Reasons why Nigerian children suffer tooth decay

Poor oral health awareness, lack of access to dental care facilities and poor nutrition are a few of the many reasons 70%, being 7 in 10 Nigerian children, live with tooth decay, especially in rural communities.

This is according to an oral health expert, Dr. Adekemi Adeniyan, who advocates improved dental care for children in Africa post COVID-19 pandemic.

While explaining that tooth decay is quite preventable, Dr Adeniyan said brushing and flossing is still not a priority for some families, mostly those who are struggling to make ends meet following the economic downturn occasioned by the coronavirus outbreak.

In the wake of COVID-19, the WHO in a study revealed that 90% of countries in the African region reported a complete or partial disruption of their oral health services between February and July 2020 while more than 530 million children suffer from dental cavities of milk teeth globally.

The global health body said oral diseases contribute a very sizeable quota to the burden of non-communicable diseases and affects not only the physical but mental health of children.

Now, Dr Adeniyan, a dental health expert, wants the federal government to pay attention to the need for teledentistry in Africa as a means of bringing oral health education to people in their homes through music, videos, TV shows and SMS.

She said a recent study conducted in rural Nigeria showed that many parents cannot afford as little as toothbrushes for their children while many young people have never received dental care.

”This is a disease that is quite preventable yet it is affecting a large number of African children. Our children are suffering from a silent yet preventable disease”, she said.

Speaking to DAILY POST in an exclusive interview, Dr. Adeniyan decried that Nigeria and Africa, in general, has no effective oral health campaign for children.

She said Africa was not doing enough as a continent to spread the word on oral health among children, worrying that very few schools and communities have oral health education programs for children while those that do, only engage them once a year during the world oral health day.

”I think the oral health campaign for children in Africa can be better, less costly and effective if we meet them where they are at. Schools are a great place to start! We can do better”

When asked how effective continuous awareness creation is on the oral health of individuals, Dr. Adeniyan said such campaigns have a huge role in changing the way people view their mouths and the kind of oral hygiene they practice.

She said ”from experience, the communities that have participated in oral health awareness and campaigns organized by governments and organizations have had more positive outcomes in their oral health status and improved oral health hygiene”.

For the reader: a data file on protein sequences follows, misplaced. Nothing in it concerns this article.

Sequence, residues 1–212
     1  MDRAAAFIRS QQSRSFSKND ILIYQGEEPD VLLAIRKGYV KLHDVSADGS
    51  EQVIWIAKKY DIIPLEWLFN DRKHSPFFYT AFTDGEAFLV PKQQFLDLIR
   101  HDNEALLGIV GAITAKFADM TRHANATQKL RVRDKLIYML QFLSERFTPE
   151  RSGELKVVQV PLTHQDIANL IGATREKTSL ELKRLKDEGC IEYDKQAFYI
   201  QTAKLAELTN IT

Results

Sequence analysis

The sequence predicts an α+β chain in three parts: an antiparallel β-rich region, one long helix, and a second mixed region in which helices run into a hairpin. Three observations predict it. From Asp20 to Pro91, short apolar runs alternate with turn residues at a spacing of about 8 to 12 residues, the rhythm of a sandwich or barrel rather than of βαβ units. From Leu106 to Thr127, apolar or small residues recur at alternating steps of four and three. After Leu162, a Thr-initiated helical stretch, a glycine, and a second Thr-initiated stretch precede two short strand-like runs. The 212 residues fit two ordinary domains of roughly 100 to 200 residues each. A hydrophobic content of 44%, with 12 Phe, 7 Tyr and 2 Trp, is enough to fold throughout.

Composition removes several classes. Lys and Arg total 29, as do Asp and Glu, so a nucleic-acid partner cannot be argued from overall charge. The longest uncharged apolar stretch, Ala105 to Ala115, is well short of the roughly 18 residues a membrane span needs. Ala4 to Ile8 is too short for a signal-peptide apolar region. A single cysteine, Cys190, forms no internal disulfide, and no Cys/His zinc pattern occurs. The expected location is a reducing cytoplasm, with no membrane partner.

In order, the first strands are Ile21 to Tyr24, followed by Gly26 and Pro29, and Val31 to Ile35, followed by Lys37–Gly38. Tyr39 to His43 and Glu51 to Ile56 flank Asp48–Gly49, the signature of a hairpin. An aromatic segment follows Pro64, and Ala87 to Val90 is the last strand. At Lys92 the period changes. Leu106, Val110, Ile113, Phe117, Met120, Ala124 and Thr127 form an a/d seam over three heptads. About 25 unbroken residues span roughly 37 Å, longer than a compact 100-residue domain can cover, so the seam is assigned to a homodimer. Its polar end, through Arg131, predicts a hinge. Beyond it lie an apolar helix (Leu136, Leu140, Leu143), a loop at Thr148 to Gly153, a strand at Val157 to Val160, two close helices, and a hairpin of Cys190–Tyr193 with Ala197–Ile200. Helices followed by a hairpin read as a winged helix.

”My team and I have an “oral health book read campaign” in schools to stir up oral health in children. This campaign brings children together to read oral health storybooks and share what they learn. One school, in particular, mentioned that the characters in the book affected the thinking of children around good oral health habits”.

Dr Adeniyan has, however, expressed worry that the COVID-19 pandemic created huge uncertainty in dental care services in Nigeria and Africa as a whole.

She said the 2020 lockdown across Africa meant that dental clinics were closed and community-based oral health programs put on hold, increasing the burden of oral health diseases among citizens.

”So as soon as dental clinics opened up, we had more people coming in with tooth pain. The pandemic led to a rise in mental health issues that contributed to unhealthy eating and neglect of hygienic practices.

”The pandemic also meant a lot of Africans were out of jobs, which meant affording basic dental care services for children became too high a cost to bear.

”Teledentistry is the future of dentistry and the pandemic has opened us up to the need to be able to bring oral health education to people in their homes”

She tasked parents to emphasise the importance of oral health for children by first modelling what they expect the children to see.

She maintained that parents and guardians have a huge role in the behaviour and life choices of children stressing that children learn faster by observation.

”If we want our children to brush twice a day, we as parents, we must do so also. We want them to use the right brushing technique, we must teach and show it to them. We want them to eat meals good for the teeth, we must go all the way to make them available. Good oral health for our children starts with us” she emphasised.


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